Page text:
The architects have suggested possible outdoor uses for the 3.6-acre site including an amphitheater, meditation gardens, a spiritual walkway and bench seating.

The Conte family and town officials unveil the sign naming the future James D. Conte Community Center. Photo by Sara-Megan Walsh

“[My father] would be jumping up and down and dancing in this room if he knew Huntington Station was going to get a project this big,” said Conte’s daughter Samantha. “He valued the community. He knew the value of what a building like this could offer.”

The town has estimated the entire project will cost $10 million and aims to have it completed by 2019. Oversight of its construction will be transferred to the incoming town board helmed by current state assemblyman and Supervisor-elect Chad Lupinacci (R-Huntington Station). Lupinacci previously worked as a community liaison for Conte before taking over his state office in 2012.

“We know even though he is gone his legacy will continue with his family and the many generations of children that will walk through this building, and of course, the veterans who will have a special place on Fifth Street,” Lupinacci said. “We know his legacy will continue for many generations after we’re all gone.”

Cleanup project is next step in building transformation

The New York State Armory is slated to become the James D. Conte Community Center. File photo

Huntington’s town board took the next step needed to transform the New York State Armory in Huntington Station into the James D. Conte Community Center, approving a measure at a town board meeting last week to spend $437,000 to clean up large amounts of hazardous materials inside the building.

The board also voted on a resolution approving the conditions it must meet for a $1.5 million state grant that will be used to continue the building’s transformation into the center, named after the late state Assemblyman James Conte. The site is slated to become a multipurpose venue offering programs and services for both youth and adults.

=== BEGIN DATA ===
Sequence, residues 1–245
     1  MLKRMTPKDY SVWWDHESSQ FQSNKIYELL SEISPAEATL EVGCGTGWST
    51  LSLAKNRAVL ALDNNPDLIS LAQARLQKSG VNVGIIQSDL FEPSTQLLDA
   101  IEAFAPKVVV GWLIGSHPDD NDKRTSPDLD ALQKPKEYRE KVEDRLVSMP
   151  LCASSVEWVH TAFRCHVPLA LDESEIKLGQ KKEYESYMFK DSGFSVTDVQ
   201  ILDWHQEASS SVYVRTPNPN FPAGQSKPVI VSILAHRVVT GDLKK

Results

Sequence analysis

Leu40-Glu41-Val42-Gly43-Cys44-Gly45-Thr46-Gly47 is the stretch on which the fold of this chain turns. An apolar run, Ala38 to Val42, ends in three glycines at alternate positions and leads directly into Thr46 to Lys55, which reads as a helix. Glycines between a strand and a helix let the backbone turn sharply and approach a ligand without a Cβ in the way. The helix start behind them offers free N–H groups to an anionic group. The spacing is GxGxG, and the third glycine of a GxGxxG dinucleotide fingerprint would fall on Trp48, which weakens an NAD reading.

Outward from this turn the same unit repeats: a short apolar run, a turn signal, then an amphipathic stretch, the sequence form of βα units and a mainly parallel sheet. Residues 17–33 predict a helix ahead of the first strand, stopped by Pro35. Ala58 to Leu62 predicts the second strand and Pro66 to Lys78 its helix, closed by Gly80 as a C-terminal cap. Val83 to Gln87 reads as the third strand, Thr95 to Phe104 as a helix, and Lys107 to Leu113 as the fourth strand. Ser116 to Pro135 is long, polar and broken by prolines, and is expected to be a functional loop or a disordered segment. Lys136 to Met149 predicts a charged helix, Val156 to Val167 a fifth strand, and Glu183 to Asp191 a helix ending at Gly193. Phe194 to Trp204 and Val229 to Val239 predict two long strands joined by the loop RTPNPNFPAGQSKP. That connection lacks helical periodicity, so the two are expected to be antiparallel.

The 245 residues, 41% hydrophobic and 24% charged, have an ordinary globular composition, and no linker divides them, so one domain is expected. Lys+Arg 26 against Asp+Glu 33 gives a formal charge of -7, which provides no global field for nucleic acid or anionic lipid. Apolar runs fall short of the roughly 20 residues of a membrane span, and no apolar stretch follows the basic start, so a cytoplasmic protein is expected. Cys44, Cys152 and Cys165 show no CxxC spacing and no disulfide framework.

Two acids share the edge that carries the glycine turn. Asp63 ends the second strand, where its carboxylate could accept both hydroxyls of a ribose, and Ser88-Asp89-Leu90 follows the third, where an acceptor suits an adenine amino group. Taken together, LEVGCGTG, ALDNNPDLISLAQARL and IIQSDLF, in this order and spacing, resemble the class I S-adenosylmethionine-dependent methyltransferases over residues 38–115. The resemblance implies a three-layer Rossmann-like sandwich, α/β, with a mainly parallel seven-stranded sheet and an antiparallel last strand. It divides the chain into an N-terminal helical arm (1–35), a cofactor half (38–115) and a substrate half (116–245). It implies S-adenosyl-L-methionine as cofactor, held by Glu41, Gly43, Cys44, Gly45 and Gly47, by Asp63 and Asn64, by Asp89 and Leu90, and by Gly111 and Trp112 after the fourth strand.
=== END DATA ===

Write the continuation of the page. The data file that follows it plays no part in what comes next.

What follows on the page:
When the town took over the building located on East 5th Street in Huntington Station, officials found asbestos and other unsafe material inside, town spokesperson A.J. Carter said in a phone interview this week.

“Before anything further can be done, the hazardous material has to be removed,”  he said.

Town board members approved a resolution authorizing Unitech Service Group, a Bay Shore business, for the remediation of hazardous material and other work needed done in order to move on to the next step of the transformation. The town’s director of purchasing received sealed bids and Unitech was chosen as the lowest responsible bidder for the project.

The work will include asbestos removal, waste disposal, temporary lighting, removal and recycling of mercury wall thermostats, installation of temporary waterproofing and more.

The center will serve as a collaborative venue for not-for-profits and other agencies to interact with town initiatives and agencies, such as the Huntington Business Incubator, Huntington Opportunity Resource Center, among others, to uplift the area and improve the lives of residents, according to a previous press release from the town.

A date for the project has not been set, as the town has not drawn up any contractual agreements, according to Carter. However, it is expected to begin later this year.